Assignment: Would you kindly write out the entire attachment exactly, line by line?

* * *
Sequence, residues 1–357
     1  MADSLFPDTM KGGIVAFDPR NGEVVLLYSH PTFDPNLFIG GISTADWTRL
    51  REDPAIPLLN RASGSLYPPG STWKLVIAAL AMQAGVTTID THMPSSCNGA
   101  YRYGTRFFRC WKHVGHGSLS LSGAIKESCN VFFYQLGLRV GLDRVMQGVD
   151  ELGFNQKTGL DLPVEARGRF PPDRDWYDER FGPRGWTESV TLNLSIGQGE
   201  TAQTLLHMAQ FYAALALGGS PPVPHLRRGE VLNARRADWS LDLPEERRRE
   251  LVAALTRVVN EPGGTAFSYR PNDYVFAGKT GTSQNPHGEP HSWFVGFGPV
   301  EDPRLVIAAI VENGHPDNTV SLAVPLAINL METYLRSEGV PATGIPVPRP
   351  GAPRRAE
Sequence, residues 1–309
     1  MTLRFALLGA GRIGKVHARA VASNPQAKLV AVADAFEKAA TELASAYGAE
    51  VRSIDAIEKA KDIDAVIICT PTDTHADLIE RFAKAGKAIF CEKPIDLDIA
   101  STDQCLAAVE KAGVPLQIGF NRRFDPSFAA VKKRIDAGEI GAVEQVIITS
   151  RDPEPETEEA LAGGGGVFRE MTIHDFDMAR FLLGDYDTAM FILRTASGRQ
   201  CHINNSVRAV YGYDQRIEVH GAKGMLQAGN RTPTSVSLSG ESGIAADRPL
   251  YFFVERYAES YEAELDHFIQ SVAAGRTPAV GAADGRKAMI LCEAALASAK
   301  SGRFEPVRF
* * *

Sequence, residues 1–357
     1  MADSLFPDTM KGGIVAFDPR NGEVVLLYSH PTFDPNLFIG GISTADWTRL
    51  REDPAIPLLN RASGSLYPPG STWKLVIAAL AMQAGVTTID THMPSSCNGA
   101  YRYGTRFFRC WKHVGHGSLS LSGAIKESCN VFFYQLGLRV GLDRVMQGVD
   151  ELGFNQKTGL DLPVEARGRF PPDRDWYDER FGPRGWTESV TLNLSIGQGE
   201  TAQTLLHMAQ FYAALALGGS PPVPHLRRGE VLNARRADWS LDLPEERRRE
   251  LVAALTRVVN EPGGTAFSYR PNDYVFAGKT GTSQNPHGEP HSWFVGFGPV
   301  EDPRLVIAAI VENGHPDNTV SLAVPLAINL METYLRSEGV PATGIPVPRP
   351  GAPRRAE
Sequence, residues 1–309
     1  MTLRFALLGA GRIGKVHARA VASNPQAKLV AVADAFEKAA TELASAYGAE
    51  VRSIDAIEKA KDIDAVIICT PTDTHADLIE RFAKAGKAIF CEKPIDLDIA
   101  STDQCLAAVE KAGVPLQIGF NRRFDPSFAA VKKRIDAGEI GAVEQVIITS
   151  RDPEPETEEA LAGGGGVFRE MTIHDFDMAR FLLGDYDTAM FILRTASGRQ
   201  CHINNSVRAV YGYDQRIEVH GAKGMLQAGN RTPTSVSLSG ESGIAADRPL
   251  YFFVERYAES YEAELDHFIQ SVAAGRTPAV GAADGRKAMI LCEAALASAK
   301  SGRFEPVRF